However, obese children’s scores do not improve as much as non-obese children. Behavior improves post-operatively to a similar extent in all children regardless of obesity (Dev Neuropsychol. 2009;34(5):650-661). “It is possible that in some children the condition resolves over time, while in others, postponing early intervention with adenotonsillectomy leads to significant long-term neurobehavioral problems,” Dr. Mitchell said. “It remains unknown whether too many or too few adenotonsillectomies are currently being performed.”
Explore this issue:November 2012
Tonsillectomy offers considerable relief to children with recurring serious symptoms, such as strep throat, but its benefits to those with milder indications are more questionable. A Cochrane review revealed a modest advantage for tonsillectomy or adenotonsillectomy over nonsurgical treatment for chronic-recurrent acute tonsillitis (Cochrane Database Syst Rev. 2009;1:DC001802).
The review of five studies—four undertaken in children (719 participants) and one in adults (70 participants)—indicated that this advantage applied to youngsters with the most severe disease. “One reason why the impact of surgery is so modest is that many untreated patients get better spontaneously,” the review’s authors stated. “There is a trade-off for the physician and patient who must weigh a number of different uncertainties: What proportion of the symptoms are attributable to my tonsils, and will it get better without any treatment? Similarly, the potential ‘benefit’ of surgery must be weighed against the risks of the procedure.”
To help clinicians determine the best candidates for tonsillectomy, the American Academy of Otolaryngology-Head and Neck Surgery (AAO-HNS) issued new evidence-based guidelines in January 2011 (Otolaryngol Head Neck Surg. 2011;144:S1-S30). The guidelines also aim to optimize peri-operative management, address the needs of special populations, improve family counseling and education, account for modifying factors, and decrease inappropriate or unnecessary variations in care. The recommendations include watchful waiting for recurrent tonsillar infections in the case of fewer than seven episodes in the prior year, fewer than five episodes per year in the prior two years or fewer than three episodes per year in the previous three years.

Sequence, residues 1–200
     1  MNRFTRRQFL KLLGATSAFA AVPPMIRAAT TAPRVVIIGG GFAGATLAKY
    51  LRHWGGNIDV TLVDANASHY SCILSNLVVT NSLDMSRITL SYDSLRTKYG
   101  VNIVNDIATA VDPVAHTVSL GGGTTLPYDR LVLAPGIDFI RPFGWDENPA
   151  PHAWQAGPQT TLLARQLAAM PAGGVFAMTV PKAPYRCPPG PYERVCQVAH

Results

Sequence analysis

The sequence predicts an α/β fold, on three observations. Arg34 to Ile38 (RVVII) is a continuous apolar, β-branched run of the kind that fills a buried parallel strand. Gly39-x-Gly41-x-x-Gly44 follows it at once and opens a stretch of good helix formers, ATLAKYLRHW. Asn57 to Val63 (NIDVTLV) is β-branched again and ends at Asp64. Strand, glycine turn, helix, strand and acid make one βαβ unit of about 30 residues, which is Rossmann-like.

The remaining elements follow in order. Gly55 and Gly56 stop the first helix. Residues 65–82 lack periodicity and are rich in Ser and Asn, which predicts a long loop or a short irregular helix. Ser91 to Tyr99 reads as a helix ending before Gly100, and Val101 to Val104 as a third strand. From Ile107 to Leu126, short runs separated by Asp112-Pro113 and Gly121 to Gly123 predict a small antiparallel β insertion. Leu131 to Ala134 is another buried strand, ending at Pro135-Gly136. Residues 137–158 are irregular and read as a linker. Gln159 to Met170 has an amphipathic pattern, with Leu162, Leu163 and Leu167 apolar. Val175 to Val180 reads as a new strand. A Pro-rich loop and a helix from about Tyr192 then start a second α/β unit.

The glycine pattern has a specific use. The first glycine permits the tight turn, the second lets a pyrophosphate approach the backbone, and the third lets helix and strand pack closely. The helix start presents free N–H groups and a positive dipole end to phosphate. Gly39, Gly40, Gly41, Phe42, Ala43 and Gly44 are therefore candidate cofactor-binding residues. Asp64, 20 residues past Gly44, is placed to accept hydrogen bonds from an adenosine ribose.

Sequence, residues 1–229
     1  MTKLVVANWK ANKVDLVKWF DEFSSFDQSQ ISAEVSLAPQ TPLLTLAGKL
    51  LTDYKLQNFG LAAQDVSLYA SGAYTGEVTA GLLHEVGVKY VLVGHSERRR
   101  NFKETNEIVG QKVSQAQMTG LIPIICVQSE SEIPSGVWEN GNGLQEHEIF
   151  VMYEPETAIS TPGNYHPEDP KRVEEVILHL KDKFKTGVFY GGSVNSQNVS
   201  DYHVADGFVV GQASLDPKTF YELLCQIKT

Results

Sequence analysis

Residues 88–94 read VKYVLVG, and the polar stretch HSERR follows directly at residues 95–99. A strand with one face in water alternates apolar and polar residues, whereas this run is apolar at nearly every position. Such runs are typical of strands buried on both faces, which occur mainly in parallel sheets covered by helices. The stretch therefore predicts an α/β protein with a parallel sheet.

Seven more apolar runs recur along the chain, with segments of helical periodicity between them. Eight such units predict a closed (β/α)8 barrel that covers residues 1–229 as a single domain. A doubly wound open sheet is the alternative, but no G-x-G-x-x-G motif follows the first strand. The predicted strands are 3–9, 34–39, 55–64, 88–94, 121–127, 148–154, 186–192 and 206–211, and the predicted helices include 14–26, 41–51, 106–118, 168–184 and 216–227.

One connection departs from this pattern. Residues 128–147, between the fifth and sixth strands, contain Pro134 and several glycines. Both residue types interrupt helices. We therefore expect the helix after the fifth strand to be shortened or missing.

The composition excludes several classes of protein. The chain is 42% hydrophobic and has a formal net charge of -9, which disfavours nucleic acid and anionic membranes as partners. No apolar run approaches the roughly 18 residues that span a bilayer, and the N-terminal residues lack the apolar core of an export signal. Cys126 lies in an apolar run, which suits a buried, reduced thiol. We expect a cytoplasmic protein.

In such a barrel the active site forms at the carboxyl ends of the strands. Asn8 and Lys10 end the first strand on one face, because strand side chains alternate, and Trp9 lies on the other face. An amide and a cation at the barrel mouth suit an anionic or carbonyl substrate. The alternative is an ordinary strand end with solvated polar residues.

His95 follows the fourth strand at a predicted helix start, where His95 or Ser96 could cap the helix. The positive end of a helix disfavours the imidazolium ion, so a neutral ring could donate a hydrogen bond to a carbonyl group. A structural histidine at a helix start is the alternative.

—Susan Redline, MD, MPH
Childhood Adenotonsillectomy Trial
Even though tonsillectomy is such a common and longstanding procedure, there are a limited number of high-quality outcome studies on the procedure. To date, published studies have compared children with sleep-disordered breathing before and after adenotonsillectomy. The National Heart, Lung, and Blood Institute recently supported the first randomized controlled clinical trial in children, comparing patients with sleep-disordered breathing who underwent adenotonsillectomy with those who were observed without surgical intervention.